Friend and loyal supporter of the store Kristoffer Dahy Ernst lives in Frederiksberg and says he seriously doubts he’ll ever want to live anywhere else. Kristoffer is a partner at the communications agency Friday, where he works strategically and operationally with a range of ambitious clients, who wish to change things for the better.
He mantra is: "If it’s not fun, I’m probably not interested."
Previously, he had his own design studio with a friend and before that he was the digital editor of Danish lifestyle magazine Euroman. Every Friday he publishes Morgenpost, a weekly curated newsletter which encompasses the best of the internet.
"I like to surround myself with beautiful things and smart people”, he says.
What’s your most important task in life for you? Both at work and outside of it.
To be kind to people around me. To pass on values like generosity, curiosity and kindness to the next generation. And to have fun while I’m here.
What’s your most important source of inspiration?
Two places: Nature and the internet. Nature because I believe we need to remove ourselves from the office environments we place our bodies in and rediscover the humbleness and the inferior power structure between man and nature. I am inspired by the grandeur of the forests, the oceans and the wild. In contrast, much of my life is also centered around a screen, which I luckily also really love. No place like the internet is such a direct source of inspiration and information, both visually and textually, and I love the fact that it connects people. I acknowledge the fact that it’s highly addictive, but do not blame social media. Blame yourself and drown your phone in the sink every once in a while.
You’ve interviewed some very interesting people through your work as a journalist. Tell us about a good and a bad experience?
The best interview was actually also the worst experience. One of the best interviews I ever did was with the German artist Jonathan Meese. He is extremely friendly and a great artist who only wears Adidas tracksuits and has an enormous porn collection. Being on the same wavelength (not regarding the porn, but generally speaking), the interview was more like a conversation than an actual interview, and we went well beyond the scheduled couple of hours. We touched upon tons of subjects and after the talk Jonathan asked if I could mail him the recorded sound file of the interview because he too thought it had been very inspiring. He wanted to listen to our conversation again. When I came out of the room where we did the interview I accidentally deleted the entire recorded file on my smartphone. It was lost. I was almost in tears. Quickly, I penned everything I remembered from our conversation but the final text wasn’t nowhere near as exciting as it could have been. I never wrote him to tell him about the disaster, and he never got back to me. Sorry, Jonathan.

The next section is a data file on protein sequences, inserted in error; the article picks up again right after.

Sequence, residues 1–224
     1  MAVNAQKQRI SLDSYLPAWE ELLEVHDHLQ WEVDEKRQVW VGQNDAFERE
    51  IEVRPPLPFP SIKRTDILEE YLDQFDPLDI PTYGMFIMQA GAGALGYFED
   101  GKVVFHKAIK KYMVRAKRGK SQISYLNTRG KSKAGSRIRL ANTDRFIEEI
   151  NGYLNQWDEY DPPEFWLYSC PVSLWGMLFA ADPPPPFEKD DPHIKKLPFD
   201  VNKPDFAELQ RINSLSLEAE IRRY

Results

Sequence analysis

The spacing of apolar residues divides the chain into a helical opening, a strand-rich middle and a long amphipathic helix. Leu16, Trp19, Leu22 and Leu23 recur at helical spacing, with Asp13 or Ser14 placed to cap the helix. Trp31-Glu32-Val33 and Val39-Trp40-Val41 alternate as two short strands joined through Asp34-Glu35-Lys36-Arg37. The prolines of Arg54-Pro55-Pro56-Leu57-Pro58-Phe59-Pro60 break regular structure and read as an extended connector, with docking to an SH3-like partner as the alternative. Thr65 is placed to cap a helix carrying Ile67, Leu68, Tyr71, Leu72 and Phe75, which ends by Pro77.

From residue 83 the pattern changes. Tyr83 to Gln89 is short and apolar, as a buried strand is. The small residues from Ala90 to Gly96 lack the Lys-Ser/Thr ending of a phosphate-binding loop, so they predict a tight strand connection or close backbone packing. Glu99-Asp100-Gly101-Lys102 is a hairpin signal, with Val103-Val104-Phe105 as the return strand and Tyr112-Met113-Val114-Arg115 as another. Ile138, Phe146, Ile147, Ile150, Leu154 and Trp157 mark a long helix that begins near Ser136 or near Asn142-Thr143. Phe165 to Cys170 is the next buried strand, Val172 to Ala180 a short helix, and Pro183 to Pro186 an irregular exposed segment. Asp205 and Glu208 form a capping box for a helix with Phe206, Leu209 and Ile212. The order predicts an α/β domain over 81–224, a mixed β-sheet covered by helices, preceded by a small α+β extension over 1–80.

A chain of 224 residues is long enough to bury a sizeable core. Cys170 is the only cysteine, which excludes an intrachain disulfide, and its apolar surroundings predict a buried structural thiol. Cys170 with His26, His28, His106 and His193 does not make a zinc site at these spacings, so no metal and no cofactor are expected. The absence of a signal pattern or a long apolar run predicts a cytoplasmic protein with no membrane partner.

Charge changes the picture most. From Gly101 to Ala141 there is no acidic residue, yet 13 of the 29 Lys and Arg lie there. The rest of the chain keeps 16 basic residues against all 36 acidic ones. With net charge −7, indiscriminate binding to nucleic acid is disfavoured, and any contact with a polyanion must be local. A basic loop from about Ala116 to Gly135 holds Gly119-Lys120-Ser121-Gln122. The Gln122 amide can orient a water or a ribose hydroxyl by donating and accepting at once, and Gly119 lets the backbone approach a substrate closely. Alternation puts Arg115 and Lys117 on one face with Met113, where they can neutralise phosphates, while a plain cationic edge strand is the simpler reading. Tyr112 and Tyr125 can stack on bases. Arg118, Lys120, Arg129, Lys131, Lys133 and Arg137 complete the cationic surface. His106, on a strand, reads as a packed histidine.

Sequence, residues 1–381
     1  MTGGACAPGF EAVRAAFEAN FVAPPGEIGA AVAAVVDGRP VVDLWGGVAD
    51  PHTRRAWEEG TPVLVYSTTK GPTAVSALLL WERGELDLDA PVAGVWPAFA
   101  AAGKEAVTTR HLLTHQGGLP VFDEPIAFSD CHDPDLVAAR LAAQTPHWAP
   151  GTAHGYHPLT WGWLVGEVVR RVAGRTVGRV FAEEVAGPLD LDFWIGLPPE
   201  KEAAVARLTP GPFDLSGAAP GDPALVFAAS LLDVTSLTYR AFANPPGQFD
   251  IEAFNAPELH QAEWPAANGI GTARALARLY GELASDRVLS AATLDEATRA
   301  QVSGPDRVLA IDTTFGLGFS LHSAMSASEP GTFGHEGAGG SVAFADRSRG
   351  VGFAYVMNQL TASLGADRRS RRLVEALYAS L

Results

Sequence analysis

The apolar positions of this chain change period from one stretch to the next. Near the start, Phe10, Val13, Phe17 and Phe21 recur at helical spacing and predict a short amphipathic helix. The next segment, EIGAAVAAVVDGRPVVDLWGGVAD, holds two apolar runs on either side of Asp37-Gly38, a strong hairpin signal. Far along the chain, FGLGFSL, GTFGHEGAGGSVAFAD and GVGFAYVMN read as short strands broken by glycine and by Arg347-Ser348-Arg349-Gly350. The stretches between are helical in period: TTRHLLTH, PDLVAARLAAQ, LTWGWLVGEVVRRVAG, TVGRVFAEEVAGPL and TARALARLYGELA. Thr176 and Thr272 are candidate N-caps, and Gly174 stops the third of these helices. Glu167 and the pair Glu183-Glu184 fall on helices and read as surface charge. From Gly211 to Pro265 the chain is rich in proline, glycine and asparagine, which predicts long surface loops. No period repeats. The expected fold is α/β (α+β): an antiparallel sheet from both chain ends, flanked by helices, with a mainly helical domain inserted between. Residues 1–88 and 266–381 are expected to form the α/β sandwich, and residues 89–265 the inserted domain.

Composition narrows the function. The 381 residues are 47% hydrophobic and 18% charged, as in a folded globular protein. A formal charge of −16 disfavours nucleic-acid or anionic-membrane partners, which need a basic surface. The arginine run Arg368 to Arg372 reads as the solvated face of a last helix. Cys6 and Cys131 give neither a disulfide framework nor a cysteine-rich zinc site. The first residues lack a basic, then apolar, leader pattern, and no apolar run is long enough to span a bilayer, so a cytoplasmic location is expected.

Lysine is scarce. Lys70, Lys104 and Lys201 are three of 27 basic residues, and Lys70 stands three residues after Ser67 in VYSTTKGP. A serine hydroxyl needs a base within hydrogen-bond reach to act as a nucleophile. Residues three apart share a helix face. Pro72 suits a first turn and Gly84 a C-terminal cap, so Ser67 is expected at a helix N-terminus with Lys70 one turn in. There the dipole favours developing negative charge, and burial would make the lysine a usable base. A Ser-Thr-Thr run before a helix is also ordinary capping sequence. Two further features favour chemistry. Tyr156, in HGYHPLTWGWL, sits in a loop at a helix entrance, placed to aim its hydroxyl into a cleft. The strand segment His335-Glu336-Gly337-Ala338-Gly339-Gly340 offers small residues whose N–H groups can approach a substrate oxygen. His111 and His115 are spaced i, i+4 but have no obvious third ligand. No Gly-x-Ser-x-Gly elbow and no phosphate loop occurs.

You’ve been working for / or in relation to the clothing business for quite a while now. How come?
I’ve always had an interest in menswear. I don’t think I dress that well, but I’m attracted to brands and products with a story to tell. I’m a firm believer that ‘clothes maketh the man’ and that you owe your surroundings to care about how you look and appear, and I keep coming back to brands that are a part of a bigger narrative. I love the bridge between the functional and the stylish; blazers with down filling or wool coats with Gore-Tex. Brands should carry their story with pride, but never cease to research and develop materials, methods and silhouettes, and constantly make the good better.
What’s your favourite occupation at the moment?
We are currently in the process of preparing the renovation of our new apartment. It’s a large, classical apartment in Frederiksberg, and we are going all in: New floors, walls, ceilings, electricity, kitchen, bathroom, the lot. There are so many small decisions to be made, so we spend a fair bit of time discussing colours, lightning, furniture and materials. My favourite part of the project is to find inspiration from great companies such as Vitsoe, Kvadrat, Studioilse, Plain English and Farrow and Ball. Some of the websites I keep coming back to are Auktionstipset, Astrid Textiles, Bukowskis, Svenskt Tenn, Labour and Wait, Manufactum and The Apartment.
You’ve said kind things about Goods in the past. What do you think we’re doing well at Goods and why?
I think Goods carries a very well-curated selection of menswear which fits to the lifestyle of the Scandinavian male. You tap into a lifestyle with a preference for understated luxury that is easy to identify with. It’s a step above and beyond the trend confusion many of us have been through, where we buy stuff we don’t need just because it’s “in season” or “on trend,” to use two nonsense-phrases. Instead, I find that you carry items that men reach for, day-in day-out, where the quality is made to last and the fit is relaxed yet elegant. It’s more style than fashion, and I like it that way.
Would you like to recommend something? Could be anything.
Recently, I’ve been excited about: Restaurant Mangia, merino wool, Tegners Museum, the latest record from Liam Gallagher, carbon bikes, Sancerre from Sebastian Riffault, furniture from Alvar Aalto, Søllerød Kro, Aspesi blazers, pan-fried pumpkin, Polartec and the idea of going to Japan next year.
Common Projects has been a part of our curated selection of quality Goods for more than five years now. We love their products and so - evidently -...
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